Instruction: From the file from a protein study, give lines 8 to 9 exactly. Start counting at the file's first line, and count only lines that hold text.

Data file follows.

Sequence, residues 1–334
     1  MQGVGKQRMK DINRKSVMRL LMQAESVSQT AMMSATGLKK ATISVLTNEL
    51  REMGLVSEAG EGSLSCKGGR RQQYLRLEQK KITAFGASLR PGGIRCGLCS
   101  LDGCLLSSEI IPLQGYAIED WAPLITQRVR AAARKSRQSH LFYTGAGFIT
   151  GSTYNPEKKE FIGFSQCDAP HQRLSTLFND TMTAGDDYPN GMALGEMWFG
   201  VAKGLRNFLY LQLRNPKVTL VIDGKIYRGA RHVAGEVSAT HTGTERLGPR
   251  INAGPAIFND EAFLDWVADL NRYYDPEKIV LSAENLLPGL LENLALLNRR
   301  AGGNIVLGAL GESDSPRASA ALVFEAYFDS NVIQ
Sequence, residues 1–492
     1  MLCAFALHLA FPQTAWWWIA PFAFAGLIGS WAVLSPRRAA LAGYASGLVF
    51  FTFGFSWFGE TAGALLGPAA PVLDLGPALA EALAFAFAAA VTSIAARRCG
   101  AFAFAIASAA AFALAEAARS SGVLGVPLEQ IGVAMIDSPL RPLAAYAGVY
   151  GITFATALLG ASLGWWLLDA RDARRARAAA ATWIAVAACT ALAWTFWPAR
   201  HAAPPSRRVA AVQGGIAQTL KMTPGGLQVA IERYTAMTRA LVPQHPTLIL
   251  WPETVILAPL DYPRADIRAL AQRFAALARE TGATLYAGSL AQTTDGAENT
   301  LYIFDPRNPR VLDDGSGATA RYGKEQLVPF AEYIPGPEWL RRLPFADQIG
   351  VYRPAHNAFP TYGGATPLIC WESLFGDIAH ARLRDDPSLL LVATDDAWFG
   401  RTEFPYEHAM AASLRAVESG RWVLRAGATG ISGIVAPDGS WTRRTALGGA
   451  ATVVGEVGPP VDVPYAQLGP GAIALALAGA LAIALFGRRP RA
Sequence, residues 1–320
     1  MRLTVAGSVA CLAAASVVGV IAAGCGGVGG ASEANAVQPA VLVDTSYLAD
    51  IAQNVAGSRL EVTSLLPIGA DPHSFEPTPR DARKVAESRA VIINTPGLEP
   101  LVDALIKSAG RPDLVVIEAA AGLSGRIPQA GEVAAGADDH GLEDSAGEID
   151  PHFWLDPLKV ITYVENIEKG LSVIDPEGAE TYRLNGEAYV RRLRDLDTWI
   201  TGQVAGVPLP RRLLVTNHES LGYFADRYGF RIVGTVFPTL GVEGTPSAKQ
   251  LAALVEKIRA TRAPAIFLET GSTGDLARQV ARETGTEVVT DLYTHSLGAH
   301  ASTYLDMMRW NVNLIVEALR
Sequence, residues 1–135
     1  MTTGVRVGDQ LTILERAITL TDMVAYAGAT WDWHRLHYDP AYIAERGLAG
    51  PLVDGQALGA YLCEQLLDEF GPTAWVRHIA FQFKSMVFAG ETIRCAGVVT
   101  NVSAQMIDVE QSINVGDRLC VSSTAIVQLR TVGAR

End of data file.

   301  AGGNIVLGAL GESDSPRASA ALVFEAYFDS NVIQ
Sequence, residues 1–492